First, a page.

He may be two days shy of completing his tenth consecutive Grand Tour, but Adam Hansen (Lotto-Belisol) still had the freshness of mind to seize an opportunity on stage 19 of the Vuelta a Espantilde;a in Galicia.
When fast men such as John Degenkolb (Giant-Shimano) and Michael Matthews (Orica-GreenEdge) came over the Alto Monte Faro in the front group, a final dust-up between the Vueltas surviving sprinters seemed inevitable.
On the final, uncategorised climb on the run-in to Cangas do Morrazo, however, Hansen opted to try his luck, responding to an acceleration from Philippe Gilbert (BMC) with four kilometres remaining and then continuing alone with his effort.
Hansens small lead at the top of the climb did not initially seem likely to upset the expected running order for the stage, but it soon became apparent that there was disagreement over the chase behind. Degenkolbs teammate Warren Barguil had already contributed to much of the pace-setting in the finale and nobody, it seemed, wished to give the in-form German an armchair ride to the line.
With three kilometres remaining, Hansen had seven seconds in hand and he doubled that advantage soon afterwards as the impasse continued behind. It would be unfair, however, to suggest that Hansens victory owed solely to his cunning even when the chase picked up in the final 1500 metres he conceded precious little of his advantage and he freewheeled across the line five seconds clear of the peloton, which was naturally led home by Degenkolb.
I would have been very high odds to win this stage, thats for sure, Hansen smiled after first feigning offence when a television reporter asked if his victory had been something of a surprise.
I wanted to do something today and the steep climb beforehand probably took something out of the sprinters. The attacking in the finale started earlier than I wanted but I went with it and then I went out alone.
Indeed, the Alto Monte Faro had reduced the peloton to just 55 riders and crucially left Degenkolb with only Barguil for company. Matthews, too, was without an Orica-GreenEdge teammate to help him, and the two sprinters lack of support in the finale tilted the balance in favour of attackers.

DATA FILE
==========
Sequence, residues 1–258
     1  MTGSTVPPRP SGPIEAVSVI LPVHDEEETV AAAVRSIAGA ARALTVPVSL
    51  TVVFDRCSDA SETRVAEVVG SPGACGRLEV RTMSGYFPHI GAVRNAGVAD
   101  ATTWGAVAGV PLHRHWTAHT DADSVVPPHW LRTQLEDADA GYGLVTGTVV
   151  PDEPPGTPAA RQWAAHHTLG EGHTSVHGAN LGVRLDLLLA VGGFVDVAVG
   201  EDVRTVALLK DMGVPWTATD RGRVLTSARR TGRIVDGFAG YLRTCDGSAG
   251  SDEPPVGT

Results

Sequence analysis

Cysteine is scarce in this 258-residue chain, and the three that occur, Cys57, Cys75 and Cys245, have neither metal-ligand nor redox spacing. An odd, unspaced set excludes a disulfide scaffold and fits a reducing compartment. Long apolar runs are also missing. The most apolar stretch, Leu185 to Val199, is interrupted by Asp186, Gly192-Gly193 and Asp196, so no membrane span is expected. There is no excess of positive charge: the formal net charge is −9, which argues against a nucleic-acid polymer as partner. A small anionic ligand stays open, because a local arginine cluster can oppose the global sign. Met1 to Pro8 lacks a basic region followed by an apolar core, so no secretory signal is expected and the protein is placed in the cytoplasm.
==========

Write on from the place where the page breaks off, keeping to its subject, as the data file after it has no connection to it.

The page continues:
Degenkolb did have the consolation of sweeping up the sprint for second place, which might prove enough for him to carry the green jersey to Santiago di Compostela on Sunday, while Filippo Pozzato (Lampre-Merida) showed signs of life ahead of the world championships by claiming third on the stage ahead of Yannick Martinez (Europcar) and Matthews.
General classification unchanged
The early part of the stage was marked by a three-man break featuring Wout Poels (Omega Pharma-QuickStep), Laurent Mangel (FDJ.fr) and Pim Ligthart (Lotto Belisol), who escaped after 25 kilometres but never succeeded in extending their lead much beyond three minutes.
That trio was swept up on the approach to the days primary obstacle, the category 2 Alto Monte Faro, where the forcing of Chris Froomes Sky team, and Pete Kennaugh in particular, ensured that there were no attacks from the general classification contenders. Instead, the selection came from behind, as the pack was whittled down to fifty or so riders, and the only man to punch his way clear was Alexey Lutsensko (Astana), who led over the summit with 15 kilometres remaining.
Lutsensko, too, would be caught on the descent, where Samuel Sanchez (BMC) briefly escaped the clutches of the peloton, sending the overall contenders scampering to the front. The uneven downhill section also saw Skys Dario Cataldo come a cropper, though mercifully the Italian was able to remount and complete the stage.
For Alberto Contador, it was, on the face of things, a relatively tranquil day in the red jersey. The Tinkoff-Saxo man was vigilant towards the head of the peloton on the Monte Faro without ever being extended, and he maintains his lead of 1:19 over Chris Froome and 1:32 on Alejandro Valverde (Movistar).
Two days from the finish, Contadors advantage is an imposing one and he stands on the brink of landing a remarkable Vuelta victory after fracturing his tibia during the Tour de France in July. With the summit finish at the Pajares and a short time trial in Santiago to come, however, he is aware that the race is not quite run, and will have noted, too, that there are bullish noises emanating from the Sky camp ahead of the final weekend.
Anything can happen in a bike race, we all know that, Froomes manager Dave Brailsford said. Were certainly not settling for the podium.